FIGURE 3.

Aged Pdcd1−/− mice have improved CD8+ T cell granzyme B production during HMPV infection.

(A and B) Cell percentage (left) and absolute cell number (right) of lung CD8+ tet+ T cells in B6 and Pdcd1−/− mice at day 7 p.i. (C) Representative flow plots of tetramer staining. (D and E) Cell percentage (left) and absolute cell number (right) of lung CD8+ CD44+ CD62L TCF tet+ cells in aged B6 and Pdcd1−/− mice at day 7 p.i. (F) Representative flow plots of TCF tetramer staining. (G) Granzyme B+ bulk CD8+ and CD44+ CD62L CD8+ T cells. (H) Percentage function of granzyme B+ CD44+ CD62L TCF tet+ lung CD8+ T cells. (I) Δ Change of Pdcd1−/− CD8+ Gzmb+ T cells minus B6 CD8+ Gzmb+ T cells in young and aged HMPV-infected mice at day 7 p.i. (J) ELISPOT ex vivo peptide stimulation IFN-γ production from B6 or Pdcd1−/− lung lymphocytes. (K) Representative ELISPOT well images. (L and M) H&E images of aged B6 and Pdcd1−/− lungs on day 7 p.i. (N) Histopathological scoring from both groups of mice. (O) Absolute cell number of CD4+ and CD8+ T lymphocytes, (P) T-bet, GATA3, Foxp3+ CD4+ T lymphocytes, and (Q) CD44 and CD62L expression on CD8+ T lymphocytes in aged B6 mice or Pdcd1−/− mock-infected mice. Absolute cell number calculation by BioLegend Precision Counting Beads. The histopathological score is the average score per section field by a group-blinded experienced lung pathologist: 0, no inflammation; 1, <25% inflammation; 2, 25–50% inflammation; 3, 50–75% inflammation; and 4, >75% inflammation. Each data point represents one individual mouse. Data in (A)–(K) represent two experimental replicates with two or three mice/group. Data in (L) and (M) represent one experimental replicate with three or four mice/group. *p < 0.05, **p < 0.01, ***p < 0.001, unpaired t test or one-way ANOVA.

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Considering the minimal differences in clinical disease, CD8+ tetramer production, and CD8+ differentiation to effector (CD44+ CD62L) and memory (CD44 CD62L+; CD44+ CD62L+) subsets, we next assessed CD8+ T cell antiviral function in the presence and absence of PD-1. There was a trend toward increased granzyme B expression in bulk Pdcd1−/− CD8+ T cells and a significant increase in granzyme B production in CD44+ CD62 CD8+ T cells (Fig. 3G). There was also a striking increase in CD44+ CD62L+ TCF tet+ granzyme B percentage function in aged Pdcd1−/− mice (Fig. 3H).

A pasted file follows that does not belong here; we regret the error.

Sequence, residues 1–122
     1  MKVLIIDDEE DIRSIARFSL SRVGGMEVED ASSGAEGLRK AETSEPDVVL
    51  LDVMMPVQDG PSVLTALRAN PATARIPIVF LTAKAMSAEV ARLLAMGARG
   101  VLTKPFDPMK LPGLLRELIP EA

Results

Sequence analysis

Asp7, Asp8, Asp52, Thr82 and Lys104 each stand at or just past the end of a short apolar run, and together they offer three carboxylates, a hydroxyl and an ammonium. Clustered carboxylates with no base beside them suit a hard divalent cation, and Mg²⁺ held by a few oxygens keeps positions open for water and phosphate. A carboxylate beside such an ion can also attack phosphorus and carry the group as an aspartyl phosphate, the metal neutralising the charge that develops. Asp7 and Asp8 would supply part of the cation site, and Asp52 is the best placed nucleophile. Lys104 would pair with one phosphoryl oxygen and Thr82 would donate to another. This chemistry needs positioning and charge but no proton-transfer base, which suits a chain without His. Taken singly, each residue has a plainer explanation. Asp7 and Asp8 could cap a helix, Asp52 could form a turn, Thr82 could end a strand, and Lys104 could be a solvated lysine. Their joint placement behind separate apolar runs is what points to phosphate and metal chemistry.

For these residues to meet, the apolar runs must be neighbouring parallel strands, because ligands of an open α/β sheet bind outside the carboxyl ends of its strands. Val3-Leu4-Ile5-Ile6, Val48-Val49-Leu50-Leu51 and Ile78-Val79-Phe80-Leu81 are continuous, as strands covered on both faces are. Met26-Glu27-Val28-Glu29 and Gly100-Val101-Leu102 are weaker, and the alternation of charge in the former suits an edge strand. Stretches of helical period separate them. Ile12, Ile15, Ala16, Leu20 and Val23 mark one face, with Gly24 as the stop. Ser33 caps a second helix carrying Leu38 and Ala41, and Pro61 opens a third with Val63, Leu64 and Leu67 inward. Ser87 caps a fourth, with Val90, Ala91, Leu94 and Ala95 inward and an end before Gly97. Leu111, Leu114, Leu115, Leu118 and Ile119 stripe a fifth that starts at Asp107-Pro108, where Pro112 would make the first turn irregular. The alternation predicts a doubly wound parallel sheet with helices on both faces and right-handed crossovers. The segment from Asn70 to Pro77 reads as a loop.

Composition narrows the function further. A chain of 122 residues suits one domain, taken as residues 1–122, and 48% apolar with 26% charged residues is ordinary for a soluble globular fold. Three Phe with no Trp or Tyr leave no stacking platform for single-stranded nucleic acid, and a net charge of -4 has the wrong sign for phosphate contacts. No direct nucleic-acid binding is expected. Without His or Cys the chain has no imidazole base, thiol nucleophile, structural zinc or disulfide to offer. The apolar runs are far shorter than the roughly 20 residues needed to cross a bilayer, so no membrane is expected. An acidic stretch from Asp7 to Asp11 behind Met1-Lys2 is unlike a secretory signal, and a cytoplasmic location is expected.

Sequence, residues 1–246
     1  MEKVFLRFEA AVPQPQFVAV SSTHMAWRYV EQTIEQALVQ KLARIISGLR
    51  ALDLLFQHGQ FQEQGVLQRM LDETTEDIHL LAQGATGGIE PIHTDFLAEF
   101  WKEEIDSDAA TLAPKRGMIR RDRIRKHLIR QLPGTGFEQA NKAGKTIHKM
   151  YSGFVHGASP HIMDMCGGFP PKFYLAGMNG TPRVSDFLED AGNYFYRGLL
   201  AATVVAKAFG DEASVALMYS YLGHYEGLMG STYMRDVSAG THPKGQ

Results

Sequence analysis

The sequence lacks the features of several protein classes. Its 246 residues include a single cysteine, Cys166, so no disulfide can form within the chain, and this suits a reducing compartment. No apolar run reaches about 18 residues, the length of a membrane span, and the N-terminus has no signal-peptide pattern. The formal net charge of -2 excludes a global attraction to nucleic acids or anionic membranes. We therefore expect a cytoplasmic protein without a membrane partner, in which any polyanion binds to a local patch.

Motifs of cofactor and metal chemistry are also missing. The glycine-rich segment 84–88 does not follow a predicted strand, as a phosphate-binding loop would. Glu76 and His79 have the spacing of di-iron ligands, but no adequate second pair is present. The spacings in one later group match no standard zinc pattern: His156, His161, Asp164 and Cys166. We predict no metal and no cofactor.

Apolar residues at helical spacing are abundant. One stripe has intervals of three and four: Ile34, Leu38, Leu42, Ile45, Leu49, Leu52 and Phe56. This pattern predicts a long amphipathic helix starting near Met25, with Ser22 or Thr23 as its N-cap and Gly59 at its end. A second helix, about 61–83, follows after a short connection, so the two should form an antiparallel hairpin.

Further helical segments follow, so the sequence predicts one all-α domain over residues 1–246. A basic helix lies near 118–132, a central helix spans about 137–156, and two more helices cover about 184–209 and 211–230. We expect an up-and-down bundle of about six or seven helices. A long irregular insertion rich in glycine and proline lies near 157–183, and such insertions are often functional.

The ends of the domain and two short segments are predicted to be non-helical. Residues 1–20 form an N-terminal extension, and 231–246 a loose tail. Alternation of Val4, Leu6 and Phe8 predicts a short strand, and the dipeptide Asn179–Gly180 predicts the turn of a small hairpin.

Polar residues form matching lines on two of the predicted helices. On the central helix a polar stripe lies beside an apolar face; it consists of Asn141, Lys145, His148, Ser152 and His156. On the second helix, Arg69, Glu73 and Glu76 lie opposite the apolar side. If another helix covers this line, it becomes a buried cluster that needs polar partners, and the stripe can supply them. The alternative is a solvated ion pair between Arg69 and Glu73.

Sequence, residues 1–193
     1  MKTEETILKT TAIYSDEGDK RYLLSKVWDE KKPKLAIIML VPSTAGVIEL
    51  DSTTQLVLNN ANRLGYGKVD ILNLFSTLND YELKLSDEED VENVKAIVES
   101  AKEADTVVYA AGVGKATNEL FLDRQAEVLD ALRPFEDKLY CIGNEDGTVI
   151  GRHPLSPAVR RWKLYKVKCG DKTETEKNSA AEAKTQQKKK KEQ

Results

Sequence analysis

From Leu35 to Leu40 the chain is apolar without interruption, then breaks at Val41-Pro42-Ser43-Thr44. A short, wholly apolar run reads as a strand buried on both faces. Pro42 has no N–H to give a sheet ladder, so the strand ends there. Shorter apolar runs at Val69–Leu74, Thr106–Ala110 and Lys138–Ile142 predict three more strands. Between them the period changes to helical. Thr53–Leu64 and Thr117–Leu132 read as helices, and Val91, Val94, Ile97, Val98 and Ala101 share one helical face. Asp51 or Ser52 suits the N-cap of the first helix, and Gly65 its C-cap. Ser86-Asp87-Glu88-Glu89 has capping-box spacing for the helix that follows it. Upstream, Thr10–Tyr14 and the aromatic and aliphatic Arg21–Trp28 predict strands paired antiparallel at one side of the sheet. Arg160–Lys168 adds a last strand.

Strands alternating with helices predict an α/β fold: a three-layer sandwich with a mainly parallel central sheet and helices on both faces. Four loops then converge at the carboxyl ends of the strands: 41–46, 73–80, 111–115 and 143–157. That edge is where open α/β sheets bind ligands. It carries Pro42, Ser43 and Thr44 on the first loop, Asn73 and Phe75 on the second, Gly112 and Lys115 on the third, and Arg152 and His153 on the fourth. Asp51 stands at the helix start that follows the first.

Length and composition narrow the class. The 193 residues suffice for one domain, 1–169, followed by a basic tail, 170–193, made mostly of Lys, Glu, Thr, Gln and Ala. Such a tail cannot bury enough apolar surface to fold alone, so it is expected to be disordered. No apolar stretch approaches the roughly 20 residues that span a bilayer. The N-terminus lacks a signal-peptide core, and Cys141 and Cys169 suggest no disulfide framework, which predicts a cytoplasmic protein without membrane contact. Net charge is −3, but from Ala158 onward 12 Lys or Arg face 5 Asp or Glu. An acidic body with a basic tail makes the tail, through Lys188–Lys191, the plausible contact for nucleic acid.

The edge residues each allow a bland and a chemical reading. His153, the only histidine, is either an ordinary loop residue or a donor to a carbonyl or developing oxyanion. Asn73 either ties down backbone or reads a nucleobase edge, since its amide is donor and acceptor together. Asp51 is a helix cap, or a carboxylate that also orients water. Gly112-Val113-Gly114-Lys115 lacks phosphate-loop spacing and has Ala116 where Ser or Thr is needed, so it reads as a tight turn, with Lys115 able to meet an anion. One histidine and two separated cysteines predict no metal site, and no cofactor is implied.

We next assessed whether this increase in CD8+ T cell function was comparable to the increase in function we observed in young Pdcd1−/− T cells compared with young WT T cells both in this study and in our previous studies (Supplemental Fig. 2M) (12–15). The δ change between Pdcd1−/− and WT Gzmb+ CD8+ T cells for both age groups showed a similar increase in granzyme B production (Fig. 3I). This finding indicates that granzyme B production of CD8+ T cells is improved in the absence of PD-1 signaling to a similar degree, regardless of age. There was no significant increase in IFN-γ production in aged Pdcd1−/− CD8+ T cells, indicating that PD-1 signaling effects were specific to granzyme B production (Fig. 3J, 3K).

We did investigate baseline characteristics of CD4+ and CD8+ T lymphocytes in mock-infected aged B6 and Pdcd1−/− mice. Interestingly, aged Pdcd1−/− mock-infected mice had increased absolute cell numbers of CD4+ and CD8+ T lymphocytes in the lung at baseline (Fig. 3O). Aged Pdcd1−/− mice also had more CD4+ Foxp3+ T lymphocytes (Fig. 3P). Last, aged Pdcd1−/− mice accumulated more CD44 CD62L, CD44 CD62L+, and CD44+ CD62L CD8+ T lymphocytes at baseline (Fig. 3Q).